A works council must be elected in companies which employ at least 50 employees on an habitual basis in France, and such works council must be informed and consulted on numerous matters (the principle being that the works council has to be informed and consulted before any definite or irremediable decision is made by the employer).

In the context of such consultation, the employer is required to provide the works council with precise and written information concerning the contemplated measure, and French employment law requires the employer to obtain an opinion from the works council before making the final decision. Although such opinion can be either negative or positive (i.e., the works council does not have a veto right), it is not unusual to see works councils delaying providing any opinion on a specific project, in an attempt to postpone the project indefinitely.

However, such practice should come to an end, as specific timeframes for response by the works council have been created by a recent law of 14 June 2013, which has been supplemented by a decree dated 27 December 2013. A written position from the labour administration is currently under preparation to include additional specifications relating to this set of measures.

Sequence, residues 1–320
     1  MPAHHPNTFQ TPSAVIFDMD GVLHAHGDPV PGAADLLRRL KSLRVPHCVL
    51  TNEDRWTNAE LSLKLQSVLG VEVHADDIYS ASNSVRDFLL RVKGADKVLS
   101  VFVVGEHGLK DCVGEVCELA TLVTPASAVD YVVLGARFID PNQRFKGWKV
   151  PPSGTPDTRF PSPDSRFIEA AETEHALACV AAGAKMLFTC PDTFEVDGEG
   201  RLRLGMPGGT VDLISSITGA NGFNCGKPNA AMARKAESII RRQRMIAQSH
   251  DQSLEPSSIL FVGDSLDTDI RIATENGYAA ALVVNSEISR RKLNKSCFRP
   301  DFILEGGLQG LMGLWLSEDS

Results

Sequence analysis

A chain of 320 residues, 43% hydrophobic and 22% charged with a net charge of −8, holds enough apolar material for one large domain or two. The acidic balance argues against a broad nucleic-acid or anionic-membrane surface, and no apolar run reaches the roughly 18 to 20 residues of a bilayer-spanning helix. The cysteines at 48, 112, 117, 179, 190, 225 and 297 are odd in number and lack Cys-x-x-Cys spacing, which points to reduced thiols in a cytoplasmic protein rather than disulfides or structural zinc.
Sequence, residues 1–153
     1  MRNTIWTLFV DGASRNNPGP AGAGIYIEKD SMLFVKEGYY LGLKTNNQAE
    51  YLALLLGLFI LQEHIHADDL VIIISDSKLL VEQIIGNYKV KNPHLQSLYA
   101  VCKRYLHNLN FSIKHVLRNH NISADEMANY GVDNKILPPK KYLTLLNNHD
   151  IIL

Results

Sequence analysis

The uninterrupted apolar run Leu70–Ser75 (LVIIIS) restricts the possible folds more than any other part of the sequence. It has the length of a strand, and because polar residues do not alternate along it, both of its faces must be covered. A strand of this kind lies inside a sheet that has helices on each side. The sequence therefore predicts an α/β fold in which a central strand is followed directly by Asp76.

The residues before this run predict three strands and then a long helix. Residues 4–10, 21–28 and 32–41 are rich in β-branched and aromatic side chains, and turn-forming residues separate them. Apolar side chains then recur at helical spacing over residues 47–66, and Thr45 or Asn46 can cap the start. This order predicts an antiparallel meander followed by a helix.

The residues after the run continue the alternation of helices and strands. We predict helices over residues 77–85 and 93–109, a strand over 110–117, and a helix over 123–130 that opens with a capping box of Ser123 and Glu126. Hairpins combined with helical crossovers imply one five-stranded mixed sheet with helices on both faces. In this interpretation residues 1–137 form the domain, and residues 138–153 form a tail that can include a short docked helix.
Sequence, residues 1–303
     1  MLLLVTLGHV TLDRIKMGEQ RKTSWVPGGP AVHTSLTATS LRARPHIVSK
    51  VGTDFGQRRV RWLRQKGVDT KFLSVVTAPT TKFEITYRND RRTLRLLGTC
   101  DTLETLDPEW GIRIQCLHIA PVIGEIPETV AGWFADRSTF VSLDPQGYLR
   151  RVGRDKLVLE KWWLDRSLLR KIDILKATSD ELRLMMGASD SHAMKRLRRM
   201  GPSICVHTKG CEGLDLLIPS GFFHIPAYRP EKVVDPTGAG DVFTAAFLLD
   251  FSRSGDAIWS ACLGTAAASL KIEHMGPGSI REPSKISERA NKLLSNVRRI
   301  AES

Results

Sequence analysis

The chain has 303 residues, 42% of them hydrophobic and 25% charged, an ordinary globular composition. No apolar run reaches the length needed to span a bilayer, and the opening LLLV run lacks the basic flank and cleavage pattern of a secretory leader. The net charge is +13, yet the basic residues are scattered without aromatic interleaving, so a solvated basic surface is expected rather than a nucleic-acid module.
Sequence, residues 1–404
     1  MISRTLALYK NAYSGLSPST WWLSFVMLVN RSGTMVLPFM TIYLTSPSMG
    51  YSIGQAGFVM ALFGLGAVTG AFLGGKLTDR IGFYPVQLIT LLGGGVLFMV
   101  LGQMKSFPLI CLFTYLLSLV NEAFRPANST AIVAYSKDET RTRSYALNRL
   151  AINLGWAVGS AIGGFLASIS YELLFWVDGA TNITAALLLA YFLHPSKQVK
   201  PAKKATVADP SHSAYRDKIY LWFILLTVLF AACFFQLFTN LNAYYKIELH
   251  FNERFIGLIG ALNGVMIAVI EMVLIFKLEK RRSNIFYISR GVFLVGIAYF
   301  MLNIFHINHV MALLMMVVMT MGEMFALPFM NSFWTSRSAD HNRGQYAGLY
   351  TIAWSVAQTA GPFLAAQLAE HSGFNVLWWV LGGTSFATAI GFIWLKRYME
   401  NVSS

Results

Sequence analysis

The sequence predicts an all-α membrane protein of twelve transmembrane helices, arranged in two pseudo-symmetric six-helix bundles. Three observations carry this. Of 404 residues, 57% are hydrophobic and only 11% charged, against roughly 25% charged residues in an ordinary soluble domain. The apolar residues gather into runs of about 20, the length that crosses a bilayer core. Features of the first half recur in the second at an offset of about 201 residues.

Under the new law, the employer and its works council (more precisely the majority of tenured members of such body) can agree on the timeframe for the consultation of the works council (except if fixed timeframes are already provided by the French Employment Code such as for mass redundancies). Such agreement cannot however provide for less than 15 days between the date the employer provides the relevant information to the works council and the meeting with the works council.

In case of failure to reach an agreement with the works council, the following time periods are applicable, such periods beginning to run on the date on which the employer provides the relevant information to the works council:

  • Generally: 1 month;
  • 2 months if the works council appoints an expert for assistance in the consultation process (timeframes for the submission by such expert of his expertise report have also been set);
  • 3 months if the health and safety committee(s) must also be consulted on the contemplated measure;
  • 4 months if a coordination body for the various relevant health and safety committees has been appointed.

If the works council has not provided its opinion within these timeframes, it will be deemed to have issued a negative opinion on the project (which means the consultation process is deemed to be completed and the employer can implement the project). If it considers that it does not have sufficient information to issue its opinion, the works council may file a claim in summary proceedings before the President of the competent civil court (Tribunal de Grande Instance) to obtain additional information. This jurisdiction may, in some circumstances, order that the timeframe be extended.

Therefore, employers should at last be able to have a clearer view on the duration of the consultation process with the French works council.